Tech start-up of the week: Armour Interactive

1 Jul 2012

Andrew Dewdney and Jamie Casey, co-founders of Armour Interactive

Armour Interactive, a new web-design and development agency based in Galway, is our tech start-up of the week. The company’s core product at the minute is Ammotio, a cloud-based application builder that aggregates online information so companies and employees, as well as contractors, can use it to input data around everything from expenses to hours they have worked.

Andrew Dewdney, a designer, and Jamie Casey, a software developer, co-founded Armour Interactive in September 2010 and started trading that November.

Dewdney, who graduated from University of Ulster in 2002 with a degree in visual communications, says that he and Casey came up with the idea for the start-up after they had liaised on some web and software projects in Galway when they had been working as freelancers.

“We came up with idea of forming Armour Interactive as a way of combining our skillsets and establishing a solid brand reputation. It was infinitely preferable to the continuous uncertainly that freelance life comes with!” he says.

Dewdney himself had worked in London in the past for design studios, before returning to Ireland to work as a freelance designer for four years.

Organic growth

So what’s Armour Interactive all about then? “We provide services in the areas of web design, mobile apps, e-commerce and software, but Ammotio is our core product,” explains Casey.

Since starting the business they have expanded the team and now six people, including Dewdney and Casey, work at Armour Interactive.

“Our team includes two designers and four developers,” says Dewdney.

The duo describe Ammotio ­ which incidentally means ‘application’ in Latin – as a browser-based application builder and a form/view-based online information aggregator.

“It means our software developers can quickly and easily build complex data structures, input forms and data importation maps. It allows for the creation of modules, which are groups of functions performed on certain structured data inputs to produce a report,” says Casey.

He says that at Ammotio’s core is a user/group permissions system.  

“For instance, users of Ammotio can be divided up into two categories, admin users and portal users.

“Admin users can access the complete Ammotio system. They have access to details on all portal users and can generate system-wide reports and import and input data across all users. Portal users can only view and edit data pertaining to them,” explains Dewdney.

At the minute contract pilots for one of Europe’s largest airlines are using it, while HSE Home Help employees in Dublin West are also trialling the system.

They first set up the admin/portal structure of Ammotio to target remote contractors.

“Initially, we rolled it out to airline pilots, who had found it very difficult to keep track of all their expenses due to constant travel with restricted luggage allowance,” says Dewdney.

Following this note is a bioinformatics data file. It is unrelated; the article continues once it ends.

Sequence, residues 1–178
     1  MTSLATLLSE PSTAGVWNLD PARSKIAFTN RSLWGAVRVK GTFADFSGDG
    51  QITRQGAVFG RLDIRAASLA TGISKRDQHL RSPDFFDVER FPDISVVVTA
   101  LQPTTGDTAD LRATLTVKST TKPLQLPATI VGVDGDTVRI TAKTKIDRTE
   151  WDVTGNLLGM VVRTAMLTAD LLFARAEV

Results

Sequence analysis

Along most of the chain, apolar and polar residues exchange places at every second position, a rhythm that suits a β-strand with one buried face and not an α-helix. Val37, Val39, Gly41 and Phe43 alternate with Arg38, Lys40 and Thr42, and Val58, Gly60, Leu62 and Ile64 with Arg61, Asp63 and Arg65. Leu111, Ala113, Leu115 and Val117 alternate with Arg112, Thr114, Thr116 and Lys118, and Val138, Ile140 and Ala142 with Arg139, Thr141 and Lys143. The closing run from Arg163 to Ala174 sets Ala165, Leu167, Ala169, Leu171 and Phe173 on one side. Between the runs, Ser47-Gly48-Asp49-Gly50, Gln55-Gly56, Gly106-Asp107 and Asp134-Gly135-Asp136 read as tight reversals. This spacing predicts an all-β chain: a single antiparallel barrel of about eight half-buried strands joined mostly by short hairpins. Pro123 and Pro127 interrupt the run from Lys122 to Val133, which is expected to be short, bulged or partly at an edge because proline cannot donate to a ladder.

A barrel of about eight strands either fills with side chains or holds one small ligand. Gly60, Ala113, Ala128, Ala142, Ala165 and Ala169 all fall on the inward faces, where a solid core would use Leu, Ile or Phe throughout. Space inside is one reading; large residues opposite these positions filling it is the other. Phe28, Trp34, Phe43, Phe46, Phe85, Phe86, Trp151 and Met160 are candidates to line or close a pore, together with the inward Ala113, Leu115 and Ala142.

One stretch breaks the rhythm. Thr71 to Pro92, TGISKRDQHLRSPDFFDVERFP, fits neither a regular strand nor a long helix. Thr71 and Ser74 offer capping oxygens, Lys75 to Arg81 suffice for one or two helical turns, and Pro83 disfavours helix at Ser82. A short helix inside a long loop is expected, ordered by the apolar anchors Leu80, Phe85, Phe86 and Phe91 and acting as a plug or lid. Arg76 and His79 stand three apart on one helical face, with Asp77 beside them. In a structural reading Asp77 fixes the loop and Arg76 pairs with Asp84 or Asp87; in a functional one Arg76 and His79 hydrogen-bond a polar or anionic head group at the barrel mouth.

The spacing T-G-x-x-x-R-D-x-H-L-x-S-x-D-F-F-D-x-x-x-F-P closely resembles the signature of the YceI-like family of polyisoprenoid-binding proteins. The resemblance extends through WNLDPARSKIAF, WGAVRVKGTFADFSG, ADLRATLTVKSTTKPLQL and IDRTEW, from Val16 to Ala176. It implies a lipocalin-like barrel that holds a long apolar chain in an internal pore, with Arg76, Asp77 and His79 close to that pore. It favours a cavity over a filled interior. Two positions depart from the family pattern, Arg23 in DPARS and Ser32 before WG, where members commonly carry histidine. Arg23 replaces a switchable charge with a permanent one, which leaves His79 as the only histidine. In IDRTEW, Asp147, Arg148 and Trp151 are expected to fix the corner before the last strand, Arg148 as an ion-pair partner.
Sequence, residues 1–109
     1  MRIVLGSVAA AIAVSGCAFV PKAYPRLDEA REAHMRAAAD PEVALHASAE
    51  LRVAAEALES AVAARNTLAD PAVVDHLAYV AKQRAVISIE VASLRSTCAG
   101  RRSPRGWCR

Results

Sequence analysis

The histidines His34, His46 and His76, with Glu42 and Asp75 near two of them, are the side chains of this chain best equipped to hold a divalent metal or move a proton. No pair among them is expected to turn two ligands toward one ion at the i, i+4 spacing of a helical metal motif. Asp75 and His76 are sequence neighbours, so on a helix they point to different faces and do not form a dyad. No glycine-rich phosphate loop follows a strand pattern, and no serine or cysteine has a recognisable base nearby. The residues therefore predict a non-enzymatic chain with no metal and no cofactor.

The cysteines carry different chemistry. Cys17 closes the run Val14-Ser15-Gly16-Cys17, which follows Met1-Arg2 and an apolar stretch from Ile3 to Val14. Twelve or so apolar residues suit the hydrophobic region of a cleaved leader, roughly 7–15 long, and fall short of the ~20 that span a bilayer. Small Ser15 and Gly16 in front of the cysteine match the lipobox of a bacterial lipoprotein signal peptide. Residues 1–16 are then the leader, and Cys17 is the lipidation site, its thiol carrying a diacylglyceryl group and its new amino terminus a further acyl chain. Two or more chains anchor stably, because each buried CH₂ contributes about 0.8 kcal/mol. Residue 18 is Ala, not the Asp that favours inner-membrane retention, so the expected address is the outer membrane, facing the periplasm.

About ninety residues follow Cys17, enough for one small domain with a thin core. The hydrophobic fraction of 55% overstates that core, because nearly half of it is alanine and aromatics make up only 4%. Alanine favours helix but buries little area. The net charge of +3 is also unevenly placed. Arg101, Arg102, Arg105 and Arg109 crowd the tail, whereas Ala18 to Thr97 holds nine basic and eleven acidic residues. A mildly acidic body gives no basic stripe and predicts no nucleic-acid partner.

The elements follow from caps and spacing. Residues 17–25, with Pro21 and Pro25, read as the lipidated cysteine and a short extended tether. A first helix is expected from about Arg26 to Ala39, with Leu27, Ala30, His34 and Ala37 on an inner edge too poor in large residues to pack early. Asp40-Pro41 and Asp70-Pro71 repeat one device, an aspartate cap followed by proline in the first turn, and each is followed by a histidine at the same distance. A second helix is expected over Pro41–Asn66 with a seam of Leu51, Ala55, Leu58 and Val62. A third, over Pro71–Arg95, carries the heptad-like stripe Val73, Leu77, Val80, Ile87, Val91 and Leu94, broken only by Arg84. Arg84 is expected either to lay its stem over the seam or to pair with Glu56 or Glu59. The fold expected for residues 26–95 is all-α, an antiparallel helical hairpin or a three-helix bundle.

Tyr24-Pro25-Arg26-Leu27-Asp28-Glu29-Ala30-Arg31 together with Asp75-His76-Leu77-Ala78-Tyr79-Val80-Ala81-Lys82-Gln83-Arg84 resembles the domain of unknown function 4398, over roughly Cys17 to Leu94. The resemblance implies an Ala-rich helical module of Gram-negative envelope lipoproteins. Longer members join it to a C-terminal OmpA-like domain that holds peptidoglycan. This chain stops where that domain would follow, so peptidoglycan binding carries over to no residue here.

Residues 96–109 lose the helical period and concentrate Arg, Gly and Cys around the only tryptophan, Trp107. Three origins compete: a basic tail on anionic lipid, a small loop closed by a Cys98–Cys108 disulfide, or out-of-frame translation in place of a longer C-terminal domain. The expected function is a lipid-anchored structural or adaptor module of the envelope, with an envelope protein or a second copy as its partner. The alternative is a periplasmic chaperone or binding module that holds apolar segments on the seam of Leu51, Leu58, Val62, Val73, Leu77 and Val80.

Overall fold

And to complement the desktop portal the company has developed a mobile app.

“The native app has all the features of its browser-based counterpart, and also contains a useful feature for photographing and uploading receipts on the fly,” explains Casey.

He says that an accounts manager, for instance, can use Ammotio’s admin system to approve or reject each expense that an employee or contractor might have inputted into the system.

Plus, with the Ammotio Accounts feature, Casey says contractors can view their profile details, payslips and P60 forms, invoices, hours they have worked and bank statements.

Dewdney and Casey have also built upon the system to add payroll generation.

“This allows Ammotio Accounts to be used by companies with employees and not just contractors. It is initially being trialled by HSE Home Help staff in Dublin West,” says Dewdney.

He says that another planned module is a system for locum GPs to digitise patient notes and prescriptions directly through their mobile device to the Ammotio system.

SMEs are currently Armour’s main target markets, but Casey says the company has recently started targeting larger businesses for software development.  

“For the Ammotio system our target market is companies that deal with large number of employees or contractors.”


Armour Interactive team in Galway

The team at Armour Interactive. From left: Dave Herlihy, Patrick Gillespie, Andrew Dewdney, Jamie Casey, Andrew Mullins, Martin Holusa

Growth plans

As for their immediate plans, they plan to continue developing and expanding the Ammotio system, as well as building tailored modules and websites for clients.

They have also added another partner to the business, John Cunningham. “He operates a new business called Aeon Solutions. With Aeon we are developing an Amazon type e-commerce solution for Ireland. Aeon operates a huge automated ‘pick and pack’ factory in Dublin,” explains Dewdney. He says the plan is to use Ammotio to control order management and distribution from this factory.

In relation to mentoring and support, Armour Interactive has been working with Galway County Enterprise Board.

“We received a small grant for software and hardware.  We aim to grow our company organically,” says Dewdney.

Organic growth also brings its challenges, he says. “The main problem has always been balancing the ongoing development of our core platform with keeping cashflow steady. But, after 20 months, the fruits of our labour are beginning to pay off.”

And his advice for other self-starters out there?

“Never get ahead of yourself. We’ve had days and weeks where enquiries pour in. While this is certainly encouraging, we are always aware that this can be seasonal, so we never take anything for granted. Also, don’t increase your prices when your workload increases. This is a sure fire way to lose clients in the long run,” adds Dewdney.

Carmel Doyle was a long-time reporter with Silicon Republic